Decentralization and service delivery in Somaliland

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Kampala International University,College of Humanities and Social Science
The study is about Decentralization and service delivery Somaliland. The study examined the relationship between Decentralization and service delivery in Somaliland. The specific objectives of the study were to clarify the impact of decentralization on service delivery in Somaliland, evaluate whether the elected local councilors are serving to the Public better than the previous nominated District commissioner, and the third objective was to identify whether local councilors are really accountable to the Public. The study used correlational research design on a population of the capital city of Somaliland, Hargeisa, the study has stratified the city of Hargeisa in to five different districts and selected two of these three districts, and then the study has randomly selected 160 respondents, in addition to that the study has purposively selected 14 local councilors and 10 university professors. The study has used both questionnaires and interviews for data collection. The data collected was analyzed using SPSS by using cross tabulation, frequencies and correlations analyses. The study found out that decentralization has resulted better services to the public, and that local councilors are performing better than the single mayors nominated by the central government of Somaliland, in addition to that the study has identified that majority of the local councilors need capacity building and extensive training to effectively perform their duties. Furthermore, the study found out that local councilors are not accountable to the public, and that there is lack of communications channels between councilors and people, therefore in order to realize effective decentralization, the study has recommended that voters should base their votes by merit rather than tribalism and kinship, and that local councilors need to merge with private organizations and civil society and privatize some of their responsibilities.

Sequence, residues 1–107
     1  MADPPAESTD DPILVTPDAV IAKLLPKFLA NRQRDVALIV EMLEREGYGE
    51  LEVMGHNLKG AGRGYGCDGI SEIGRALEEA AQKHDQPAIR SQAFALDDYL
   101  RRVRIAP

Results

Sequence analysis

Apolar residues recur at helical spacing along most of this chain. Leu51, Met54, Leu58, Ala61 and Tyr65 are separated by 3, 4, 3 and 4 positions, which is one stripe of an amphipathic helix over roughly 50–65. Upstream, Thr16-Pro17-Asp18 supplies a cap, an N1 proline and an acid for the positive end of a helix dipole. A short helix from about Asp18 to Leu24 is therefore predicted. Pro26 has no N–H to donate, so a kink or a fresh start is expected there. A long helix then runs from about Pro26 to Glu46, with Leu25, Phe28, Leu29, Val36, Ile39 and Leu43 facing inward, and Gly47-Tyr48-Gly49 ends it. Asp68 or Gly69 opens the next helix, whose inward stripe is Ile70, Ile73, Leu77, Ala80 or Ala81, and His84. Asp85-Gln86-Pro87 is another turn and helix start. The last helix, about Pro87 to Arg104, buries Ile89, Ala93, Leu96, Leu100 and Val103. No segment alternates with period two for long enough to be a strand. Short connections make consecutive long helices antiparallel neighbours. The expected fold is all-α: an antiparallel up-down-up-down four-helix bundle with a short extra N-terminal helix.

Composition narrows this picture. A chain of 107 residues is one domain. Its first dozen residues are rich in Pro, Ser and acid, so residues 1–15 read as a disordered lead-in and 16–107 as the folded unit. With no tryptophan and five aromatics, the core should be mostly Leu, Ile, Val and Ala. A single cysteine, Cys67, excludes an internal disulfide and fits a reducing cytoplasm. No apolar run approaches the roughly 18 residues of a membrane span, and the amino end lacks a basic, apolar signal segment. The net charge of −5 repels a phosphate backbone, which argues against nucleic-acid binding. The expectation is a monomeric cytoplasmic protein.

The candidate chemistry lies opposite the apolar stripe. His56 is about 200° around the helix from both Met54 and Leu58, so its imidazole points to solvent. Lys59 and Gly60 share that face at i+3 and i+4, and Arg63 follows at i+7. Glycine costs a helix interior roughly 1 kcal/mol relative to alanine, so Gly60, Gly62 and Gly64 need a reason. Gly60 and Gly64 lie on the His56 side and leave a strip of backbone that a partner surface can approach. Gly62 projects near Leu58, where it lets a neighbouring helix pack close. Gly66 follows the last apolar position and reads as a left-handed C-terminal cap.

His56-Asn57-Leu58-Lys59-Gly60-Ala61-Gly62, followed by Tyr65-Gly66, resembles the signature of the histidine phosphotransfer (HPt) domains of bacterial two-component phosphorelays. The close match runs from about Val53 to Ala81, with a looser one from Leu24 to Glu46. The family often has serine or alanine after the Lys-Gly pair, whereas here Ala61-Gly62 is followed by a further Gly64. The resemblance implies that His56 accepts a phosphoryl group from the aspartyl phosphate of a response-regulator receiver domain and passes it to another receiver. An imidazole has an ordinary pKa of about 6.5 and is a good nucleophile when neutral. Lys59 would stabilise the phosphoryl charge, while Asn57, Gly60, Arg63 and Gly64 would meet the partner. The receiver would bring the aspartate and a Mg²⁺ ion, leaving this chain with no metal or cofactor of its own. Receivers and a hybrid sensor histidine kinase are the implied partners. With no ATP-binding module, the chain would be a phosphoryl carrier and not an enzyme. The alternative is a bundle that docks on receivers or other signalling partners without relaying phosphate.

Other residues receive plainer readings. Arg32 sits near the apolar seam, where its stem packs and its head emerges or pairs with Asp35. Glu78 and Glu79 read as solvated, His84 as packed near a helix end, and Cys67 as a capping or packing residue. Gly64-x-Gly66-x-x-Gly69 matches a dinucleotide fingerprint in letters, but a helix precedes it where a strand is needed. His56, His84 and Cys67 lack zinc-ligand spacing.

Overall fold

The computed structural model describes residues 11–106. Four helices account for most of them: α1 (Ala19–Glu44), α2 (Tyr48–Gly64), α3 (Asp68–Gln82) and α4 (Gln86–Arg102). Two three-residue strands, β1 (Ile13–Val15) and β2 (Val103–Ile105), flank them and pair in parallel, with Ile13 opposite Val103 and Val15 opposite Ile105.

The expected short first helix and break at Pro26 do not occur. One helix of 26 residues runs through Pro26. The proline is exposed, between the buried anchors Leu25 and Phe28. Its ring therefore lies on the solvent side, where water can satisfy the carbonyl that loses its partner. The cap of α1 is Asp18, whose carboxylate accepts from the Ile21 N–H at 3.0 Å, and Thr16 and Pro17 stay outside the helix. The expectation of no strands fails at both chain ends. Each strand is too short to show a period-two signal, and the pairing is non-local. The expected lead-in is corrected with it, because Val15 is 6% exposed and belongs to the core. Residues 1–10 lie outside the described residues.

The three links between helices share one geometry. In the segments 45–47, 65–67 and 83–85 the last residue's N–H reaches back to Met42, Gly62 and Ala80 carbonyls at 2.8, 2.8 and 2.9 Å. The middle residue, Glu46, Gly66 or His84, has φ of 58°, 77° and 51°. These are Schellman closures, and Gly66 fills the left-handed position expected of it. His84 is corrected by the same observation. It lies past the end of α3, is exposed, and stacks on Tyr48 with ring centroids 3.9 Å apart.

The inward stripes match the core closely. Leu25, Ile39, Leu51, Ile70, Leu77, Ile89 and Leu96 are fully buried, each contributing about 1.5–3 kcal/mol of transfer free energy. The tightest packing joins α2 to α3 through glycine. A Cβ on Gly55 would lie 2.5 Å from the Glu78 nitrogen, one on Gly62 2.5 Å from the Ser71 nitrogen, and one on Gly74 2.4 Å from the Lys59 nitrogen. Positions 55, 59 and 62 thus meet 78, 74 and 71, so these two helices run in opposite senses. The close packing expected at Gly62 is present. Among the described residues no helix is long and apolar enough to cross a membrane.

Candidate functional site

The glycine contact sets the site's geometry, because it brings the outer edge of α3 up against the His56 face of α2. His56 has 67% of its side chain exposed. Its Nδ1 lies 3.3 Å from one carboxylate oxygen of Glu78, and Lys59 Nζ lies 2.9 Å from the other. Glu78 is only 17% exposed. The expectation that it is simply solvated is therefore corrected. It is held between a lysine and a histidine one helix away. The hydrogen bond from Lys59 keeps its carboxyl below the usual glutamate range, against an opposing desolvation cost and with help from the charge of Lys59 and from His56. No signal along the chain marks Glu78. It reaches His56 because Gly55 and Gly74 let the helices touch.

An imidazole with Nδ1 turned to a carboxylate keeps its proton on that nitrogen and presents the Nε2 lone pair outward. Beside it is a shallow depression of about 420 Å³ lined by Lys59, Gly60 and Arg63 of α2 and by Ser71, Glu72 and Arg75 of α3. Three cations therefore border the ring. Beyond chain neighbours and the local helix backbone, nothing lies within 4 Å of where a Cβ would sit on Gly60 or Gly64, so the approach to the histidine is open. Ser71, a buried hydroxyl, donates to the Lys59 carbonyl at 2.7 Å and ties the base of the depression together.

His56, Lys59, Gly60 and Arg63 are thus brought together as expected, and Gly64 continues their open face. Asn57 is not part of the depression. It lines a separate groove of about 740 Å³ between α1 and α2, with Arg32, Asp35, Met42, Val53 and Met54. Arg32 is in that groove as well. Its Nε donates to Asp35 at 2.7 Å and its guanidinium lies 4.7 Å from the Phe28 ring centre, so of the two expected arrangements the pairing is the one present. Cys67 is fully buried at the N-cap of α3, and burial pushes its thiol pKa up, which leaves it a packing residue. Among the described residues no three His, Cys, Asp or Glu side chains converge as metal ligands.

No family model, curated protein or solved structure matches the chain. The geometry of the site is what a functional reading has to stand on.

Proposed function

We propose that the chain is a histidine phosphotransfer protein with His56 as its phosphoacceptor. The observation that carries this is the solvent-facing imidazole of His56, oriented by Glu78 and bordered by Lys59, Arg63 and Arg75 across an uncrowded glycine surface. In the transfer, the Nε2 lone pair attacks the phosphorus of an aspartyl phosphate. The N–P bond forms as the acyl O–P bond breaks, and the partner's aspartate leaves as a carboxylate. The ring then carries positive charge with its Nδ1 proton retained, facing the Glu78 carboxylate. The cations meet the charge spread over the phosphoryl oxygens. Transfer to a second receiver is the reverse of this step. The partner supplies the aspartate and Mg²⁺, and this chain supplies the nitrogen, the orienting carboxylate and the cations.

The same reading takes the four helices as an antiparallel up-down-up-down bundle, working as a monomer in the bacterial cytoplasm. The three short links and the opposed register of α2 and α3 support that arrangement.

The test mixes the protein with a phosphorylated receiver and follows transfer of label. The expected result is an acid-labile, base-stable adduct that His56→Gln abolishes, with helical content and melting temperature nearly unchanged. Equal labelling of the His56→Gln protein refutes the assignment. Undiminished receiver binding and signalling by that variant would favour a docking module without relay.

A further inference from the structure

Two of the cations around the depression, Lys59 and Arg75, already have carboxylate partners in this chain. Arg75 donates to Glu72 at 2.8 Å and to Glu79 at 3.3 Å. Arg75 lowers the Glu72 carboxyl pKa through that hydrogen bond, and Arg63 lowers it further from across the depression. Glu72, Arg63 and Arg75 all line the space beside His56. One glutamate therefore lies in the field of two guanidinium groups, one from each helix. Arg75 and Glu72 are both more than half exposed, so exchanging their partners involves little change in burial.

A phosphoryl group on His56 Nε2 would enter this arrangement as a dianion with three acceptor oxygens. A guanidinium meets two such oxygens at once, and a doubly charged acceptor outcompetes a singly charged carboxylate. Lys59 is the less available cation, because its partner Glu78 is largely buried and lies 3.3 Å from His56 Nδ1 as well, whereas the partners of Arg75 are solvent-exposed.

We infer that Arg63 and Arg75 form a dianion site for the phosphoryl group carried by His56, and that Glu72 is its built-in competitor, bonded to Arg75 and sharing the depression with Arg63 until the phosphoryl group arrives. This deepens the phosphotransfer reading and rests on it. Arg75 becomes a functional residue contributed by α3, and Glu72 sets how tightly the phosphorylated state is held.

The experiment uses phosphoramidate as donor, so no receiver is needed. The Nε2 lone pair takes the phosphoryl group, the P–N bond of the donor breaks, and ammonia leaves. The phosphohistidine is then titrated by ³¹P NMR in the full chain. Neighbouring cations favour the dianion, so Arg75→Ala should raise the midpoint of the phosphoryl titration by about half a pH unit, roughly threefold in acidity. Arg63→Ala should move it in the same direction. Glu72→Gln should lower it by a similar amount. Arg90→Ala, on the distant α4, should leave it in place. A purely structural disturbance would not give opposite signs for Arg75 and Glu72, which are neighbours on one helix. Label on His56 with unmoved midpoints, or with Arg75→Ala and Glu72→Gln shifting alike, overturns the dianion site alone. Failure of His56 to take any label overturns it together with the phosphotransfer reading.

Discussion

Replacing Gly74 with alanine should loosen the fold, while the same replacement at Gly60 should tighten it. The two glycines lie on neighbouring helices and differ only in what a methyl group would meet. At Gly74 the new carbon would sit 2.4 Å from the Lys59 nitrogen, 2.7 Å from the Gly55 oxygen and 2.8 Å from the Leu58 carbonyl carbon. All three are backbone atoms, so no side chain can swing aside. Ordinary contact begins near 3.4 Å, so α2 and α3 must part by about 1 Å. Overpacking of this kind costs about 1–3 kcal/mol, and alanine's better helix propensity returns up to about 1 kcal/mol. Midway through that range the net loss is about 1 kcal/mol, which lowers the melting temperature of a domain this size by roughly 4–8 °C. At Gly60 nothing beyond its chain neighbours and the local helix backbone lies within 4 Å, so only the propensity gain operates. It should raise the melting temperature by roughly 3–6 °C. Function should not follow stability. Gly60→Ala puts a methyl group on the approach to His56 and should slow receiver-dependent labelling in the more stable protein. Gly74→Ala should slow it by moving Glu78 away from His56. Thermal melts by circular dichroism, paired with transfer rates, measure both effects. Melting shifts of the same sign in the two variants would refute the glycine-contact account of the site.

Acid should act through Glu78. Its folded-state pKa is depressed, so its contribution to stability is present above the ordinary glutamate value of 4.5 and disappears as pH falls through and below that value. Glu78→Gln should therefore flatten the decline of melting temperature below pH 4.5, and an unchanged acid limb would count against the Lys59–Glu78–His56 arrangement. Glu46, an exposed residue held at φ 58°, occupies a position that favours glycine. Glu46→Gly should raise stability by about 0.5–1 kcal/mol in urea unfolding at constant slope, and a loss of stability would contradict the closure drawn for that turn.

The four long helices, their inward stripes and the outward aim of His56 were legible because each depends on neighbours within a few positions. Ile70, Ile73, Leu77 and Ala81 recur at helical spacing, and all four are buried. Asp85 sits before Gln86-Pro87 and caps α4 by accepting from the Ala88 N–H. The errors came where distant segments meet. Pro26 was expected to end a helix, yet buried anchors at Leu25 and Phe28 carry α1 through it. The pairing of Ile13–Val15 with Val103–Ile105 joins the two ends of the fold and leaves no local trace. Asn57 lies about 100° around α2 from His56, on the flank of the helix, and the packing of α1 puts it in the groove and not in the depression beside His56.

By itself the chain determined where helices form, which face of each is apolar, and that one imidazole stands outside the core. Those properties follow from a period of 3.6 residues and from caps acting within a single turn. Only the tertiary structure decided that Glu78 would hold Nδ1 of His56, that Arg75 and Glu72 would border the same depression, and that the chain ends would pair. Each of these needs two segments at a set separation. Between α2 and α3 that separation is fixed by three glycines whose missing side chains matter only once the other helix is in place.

A Thesis Presented to the School of Postgraduate Studies and Research of Kampala International University Kampala, Uganda In Partial Fulfillment of the Requirements for the Degree of Master of Arts in Public Administration and Management
Decentralization, Service delivery, Somaliland